This article is from the ER FAQ, by Rose Cooper email@example.com with numerous contributions by others.
The technical reader will, hopefully, forgive me for oversimplifying
things in this section.
+ ABG: Arterial Blood Gas. A lab measurement of, among other things,
the pH and oxygen concentration of arterial blood; the procedure is
known as an arterial stick, and trust me, this is one thing I'll never
tell someone is "just a little prick." It hurts.
+ ACLS: Advanced Cardiac Life Support. A protocol developed back around
1990 that involves the use of drugs, defibrillators, and sequenced
flowcharts to correct most cardiac dysrhythmias.
+ AED: Automatic External Defibrillator. "Idiot proof cardioversion."
Take the pads, pull the adhesive backing off, put them on the patient's
chest according to the diagram, turn the machine on, push the green
button and follow the voice prompts. Very simple, very easy. Might save
a lot of lives; we don't know yet. The data is conflicting.
+ AMA: Against Medical Advice. If I tell you stay put and you leave
anyway, you're leaving Against Medical Advice. It's pretty
+ Angioplasty: An invasive procedure where a catheter with a balloon
on the end is inserted into an artery. The balloon is inflated, and the
catheter withdrawn, kind of like a small plumber's snake. It's a
procedure done to remove the crap that builds up inside the arteries as
time goes on, usually after a heart attack, but sometimes for other
+ AOB: Alcohol On Breath. Now discouraged in favour of "alcohol-LIKE
odor on breath." Sure. Uh-huh.
+ Bag 'em: To use a bag-valve mask to ventilate a patient.
+ Bounce-back: Someone who is seen again shortly after being discharged
from the same department. You'll hear this as a "bounce-back
+ BP: Blood Pressure. This is two numbers, like 120/80, that represents
the pressure inside the arteries during contraction (systole) and
relaxation (diastole) of the heart, respectively. There are a couple
ways to take a blood pressure, one involving the use of a stethoscope
and the other involving the use of your fingers and the artery. (Okay,
so there's a machine, too. Yeesh.) If it's done the second way, the
pressure is said to be "120 palp," and there's no diastolic measurement.
It's not exact, but it'll do in some situations. (Fun fact: Did you know
that unless the pressure is being taken by a machine, you should never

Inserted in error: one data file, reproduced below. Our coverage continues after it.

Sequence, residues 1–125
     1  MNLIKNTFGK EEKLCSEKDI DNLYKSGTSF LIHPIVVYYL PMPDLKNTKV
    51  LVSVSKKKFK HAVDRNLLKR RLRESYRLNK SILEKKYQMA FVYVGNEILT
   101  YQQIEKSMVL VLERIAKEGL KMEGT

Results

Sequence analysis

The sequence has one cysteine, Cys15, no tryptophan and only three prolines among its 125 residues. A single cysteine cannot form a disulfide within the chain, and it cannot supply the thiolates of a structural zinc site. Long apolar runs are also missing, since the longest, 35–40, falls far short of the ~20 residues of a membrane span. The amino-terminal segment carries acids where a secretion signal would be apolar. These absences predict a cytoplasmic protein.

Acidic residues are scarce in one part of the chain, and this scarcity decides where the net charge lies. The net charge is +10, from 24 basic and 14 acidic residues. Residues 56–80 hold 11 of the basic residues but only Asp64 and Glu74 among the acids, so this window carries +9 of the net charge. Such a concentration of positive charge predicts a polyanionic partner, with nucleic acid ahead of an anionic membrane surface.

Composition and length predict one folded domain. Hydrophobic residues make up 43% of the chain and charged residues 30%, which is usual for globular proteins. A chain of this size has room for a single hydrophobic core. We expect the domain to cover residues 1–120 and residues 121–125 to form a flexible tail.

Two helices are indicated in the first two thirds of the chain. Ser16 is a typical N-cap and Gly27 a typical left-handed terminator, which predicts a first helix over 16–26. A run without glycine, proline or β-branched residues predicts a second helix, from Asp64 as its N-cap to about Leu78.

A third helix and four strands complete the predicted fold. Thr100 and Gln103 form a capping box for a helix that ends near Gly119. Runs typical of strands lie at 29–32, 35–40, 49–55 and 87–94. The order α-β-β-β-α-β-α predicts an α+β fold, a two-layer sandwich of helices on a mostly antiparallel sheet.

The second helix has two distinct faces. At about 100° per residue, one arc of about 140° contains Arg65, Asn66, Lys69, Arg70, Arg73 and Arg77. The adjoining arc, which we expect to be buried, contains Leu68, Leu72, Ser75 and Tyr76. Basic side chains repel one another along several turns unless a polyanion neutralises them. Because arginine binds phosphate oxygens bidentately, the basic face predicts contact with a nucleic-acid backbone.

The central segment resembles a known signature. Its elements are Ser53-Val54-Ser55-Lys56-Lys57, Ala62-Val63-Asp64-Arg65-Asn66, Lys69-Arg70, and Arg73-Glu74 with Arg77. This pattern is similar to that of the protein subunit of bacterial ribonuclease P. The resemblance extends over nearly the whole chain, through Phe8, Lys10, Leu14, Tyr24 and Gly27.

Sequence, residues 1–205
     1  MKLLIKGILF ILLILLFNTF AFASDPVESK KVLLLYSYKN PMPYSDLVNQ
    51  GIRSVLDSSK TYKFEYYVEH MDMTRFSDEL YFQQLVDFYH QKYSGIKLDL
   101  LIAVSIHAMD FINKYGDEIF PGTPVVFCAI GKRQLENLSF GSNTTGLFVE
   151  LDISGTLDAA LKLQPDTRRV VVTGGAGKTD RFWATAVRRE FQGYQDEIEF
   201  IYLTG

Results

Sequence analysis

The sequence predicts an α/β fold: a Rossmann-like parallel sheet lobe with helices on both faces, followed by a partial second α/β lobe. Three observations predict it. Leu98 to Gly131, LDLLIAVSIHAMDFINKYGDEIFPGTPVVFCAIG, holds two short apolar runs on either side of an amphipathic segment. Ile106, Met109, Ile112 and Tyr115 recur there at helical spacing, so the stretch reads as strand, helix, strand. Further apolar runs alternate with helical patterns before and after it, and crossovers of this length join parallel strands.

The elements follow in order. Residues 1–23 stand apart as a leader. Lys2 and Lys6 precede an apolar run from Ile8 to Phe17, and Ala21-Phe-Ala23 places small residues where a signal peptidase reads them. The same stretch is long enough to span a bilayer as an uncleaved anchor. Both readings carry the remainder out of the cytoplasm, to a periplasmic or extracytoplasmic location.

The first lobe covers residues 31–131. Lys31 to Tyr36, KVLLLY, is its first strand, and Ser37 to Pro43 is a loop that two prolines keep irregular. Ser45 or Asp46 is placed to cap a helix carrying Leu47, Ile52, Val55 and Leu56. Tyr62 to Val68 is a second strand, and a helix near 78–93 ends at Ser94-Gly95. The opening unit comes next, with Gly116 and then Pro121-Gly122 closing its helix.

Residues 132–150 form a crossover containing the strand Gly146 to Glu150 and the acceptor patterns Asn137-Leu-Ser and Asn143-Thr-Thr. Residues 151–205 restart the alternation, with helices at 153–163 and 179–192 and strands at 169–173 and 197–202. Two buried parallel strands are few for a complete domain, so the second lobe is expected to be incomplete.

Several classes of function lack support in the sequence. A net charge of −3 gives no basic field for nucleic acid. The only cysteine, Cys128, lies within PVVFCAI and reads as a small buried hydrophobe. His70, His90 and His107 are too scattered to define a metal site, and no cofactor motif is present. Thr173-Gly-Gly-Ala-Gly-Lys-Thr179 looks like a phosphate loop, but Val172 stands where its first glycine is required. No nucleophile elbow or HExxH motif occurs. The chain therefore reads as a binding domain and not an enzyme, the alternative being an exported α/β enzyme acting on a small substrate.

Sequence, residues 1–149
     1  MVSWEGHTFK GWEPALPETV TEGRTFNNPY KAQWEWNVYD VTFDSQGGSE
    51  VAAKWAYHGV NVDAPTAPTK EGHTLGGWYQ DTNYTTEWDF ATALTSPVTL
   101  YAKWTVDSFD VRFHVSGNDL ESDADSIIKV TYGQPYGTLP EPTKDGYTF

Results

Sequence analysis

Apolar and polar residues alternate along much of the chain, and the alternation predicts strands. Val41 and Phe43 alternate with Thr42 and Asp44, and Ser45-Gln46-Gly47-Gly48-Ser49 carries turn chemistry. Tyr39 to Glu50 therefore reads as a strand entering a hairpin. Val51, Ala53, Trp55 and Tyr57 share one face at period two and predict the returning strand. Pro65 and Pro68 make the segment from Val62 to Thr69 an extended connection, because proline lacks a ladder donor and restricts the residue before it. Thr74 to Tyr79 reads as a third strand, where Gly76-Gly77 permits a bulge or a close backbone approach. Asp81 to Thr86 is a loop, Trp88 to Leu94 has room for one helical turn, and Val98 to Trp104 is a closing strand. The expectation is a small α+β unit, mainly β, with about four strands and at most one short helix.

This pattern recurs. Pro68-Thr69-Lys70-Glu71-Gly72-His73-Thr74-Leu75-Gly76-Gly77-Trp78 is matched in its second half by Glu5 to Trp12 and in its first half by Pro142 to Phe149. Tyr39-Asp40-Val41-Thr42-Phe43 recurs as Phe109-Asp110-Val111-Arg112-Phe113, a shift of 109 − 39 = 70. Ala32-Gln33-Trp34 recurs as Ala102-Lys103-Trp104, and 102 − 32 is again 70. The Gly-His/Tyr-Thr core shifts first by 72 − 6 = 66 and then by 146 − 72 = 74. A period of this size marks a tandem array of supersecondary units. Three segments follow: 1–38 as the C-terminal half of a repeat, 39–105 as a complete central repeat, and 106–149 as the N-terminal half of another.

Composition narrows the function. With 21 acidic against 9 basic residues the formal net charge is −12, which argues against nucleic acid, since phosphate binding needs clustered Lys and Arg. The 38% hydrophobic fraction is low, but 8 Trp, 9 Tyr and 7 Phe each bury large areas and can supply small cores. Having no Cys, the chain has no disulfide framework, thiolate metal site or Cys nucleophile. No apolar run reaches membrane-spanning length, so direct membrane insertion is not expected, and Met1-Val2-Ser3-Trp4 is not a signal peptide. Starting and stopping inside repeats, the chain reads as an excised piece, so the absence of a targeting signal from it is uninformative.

have an odd number in a BP? Look at a BP cuff sometime and see if you
can figure out why this is the case.)
+ "Bradying down": Bradycardia is a slow (<40) heart beat. Bradying down
is the slowing of the heart rate. See 'tachycardia' for the opposite
+ C-Spine: The first seven vertebrae in the spine, going from the base of
the skull downward; the cervical spine. (C1 through C7, in other words.)
A cross-table c-spine is a kind of x-ray taken laterally across the body
to check for fractures of these vertebrae, a common occurance in
traumatically injured patients.
+ CT/CAT: Computed Tomography/Computerized Axial Tomography. A scanning
technique that involves x-rays, detectors (instead of film plates),
and computers to make pretty pictures of the inside of the body. It
gets a lot of use for things like head injures (because it shows
intracranial bleeding very nicely), but also sees service in other
parts of the body. Expensive.
+ CBC: Complete Blood Count. It's the first test most "ER" doctors order
for the vast majority of their patients, if one is needed. It's pretty
useful. Tells you lots of nifty stuff, like red and white cell counts,
hematocrit, hemoglobin, and some determinations calculated from those
values, because we're mostly too lazy to work it out ourselves, and
besides, the computer's faster at anyway. Those determinations are the
mean corpuscular volume (MCV), the mean corpuscular hemoglobin (MCH),
and the mean corpuscular hemoglobin concentration (MCHC). Some people
report that they don't get platelets and differential counts with their
CBCs, but I always seem to get them whether I order them or not, so I
figure them come free with my tests. :)